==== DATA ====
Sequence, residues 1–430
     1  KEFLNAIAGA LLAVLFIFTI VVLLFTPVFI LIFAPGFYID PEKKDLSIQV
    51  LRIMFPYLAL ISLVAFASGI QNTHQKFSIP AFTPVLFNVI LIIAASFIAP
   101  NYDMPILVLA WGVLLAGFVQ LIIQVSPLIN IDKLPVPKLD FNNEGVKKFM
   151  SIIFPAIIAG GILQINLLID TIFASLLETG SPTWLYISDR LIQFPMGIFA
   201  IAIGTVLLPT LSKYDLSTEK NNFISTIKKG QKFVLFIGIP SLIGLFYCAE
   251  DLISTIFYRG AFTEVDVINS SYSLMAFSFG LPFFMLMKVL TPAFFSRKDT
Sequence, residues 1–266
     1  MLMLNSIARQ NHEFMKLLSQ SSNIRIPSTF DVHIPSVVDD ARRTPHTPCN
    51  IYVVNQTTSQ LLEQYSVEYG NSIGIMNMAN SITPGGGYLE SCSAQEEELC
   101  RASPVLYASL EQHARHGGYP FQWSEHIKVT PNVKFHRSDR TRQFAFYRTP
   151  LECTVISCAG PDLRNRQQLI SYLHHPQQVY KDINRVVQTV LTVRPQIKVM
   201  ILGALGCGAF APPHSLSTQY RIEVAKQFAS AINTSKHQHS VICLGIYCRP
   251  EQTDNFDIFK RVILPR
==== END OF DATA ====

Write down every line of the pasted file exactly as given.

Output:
Sequence, residues 1–430
     1  KEFLNAIAGA LLAVLFIFTI VVLLFTPVFI LIFAPGFYID PEKKDLSIQV
    51  LRIMFPYLAL ISLVAFASGI QNTHQKFSIP AFTPVLFNVI LIIAASFIAP
   101  NYDMPILVLA WGVLLAGFVQ LIIQVSPLIN IDKLPVPKLD FNNEGVKKFM
   151  SIIFPAIIAG GILQINLLID TIFASLLETG SPTWLYISDR LIQFPMGIFA
   201  IAIGTVLLPT LSKYDLSTEK NNFISTIKKG QKFVLFIGIP SLIGLFYCAE
   251  DLISTIFYRG AFTEVDVINS SYSLMAFSFG LPFFMLMKVL TPAFFSRKDT
Sequence, residues 1–266
     1  MLMLNSIARQ NHEFMKLLSQ SSNIRIPSTF DVHIPSVVDD ARRTPHTPCN
    51  IYVVNQTTSQ LLEQYSVEYG NSIGIMNMAN SITPGGGYLE SCSAQEEELC
   101  RASPVLYASL EQHARHGGYP FQWSEHIKVT PNVKFHRSDR TRQFAFYRTP
   151  LECTVISCAG PDLRNRQQLI SYLHHPQQVY KDINRVVQTV LTVRPQIKVM
   201  ILGALGCGAF APPHSLSTQY RIEVAKQFAS AINTSKHQHS VICLGIYCRP
   251  EQTDNFDIFK RVILPR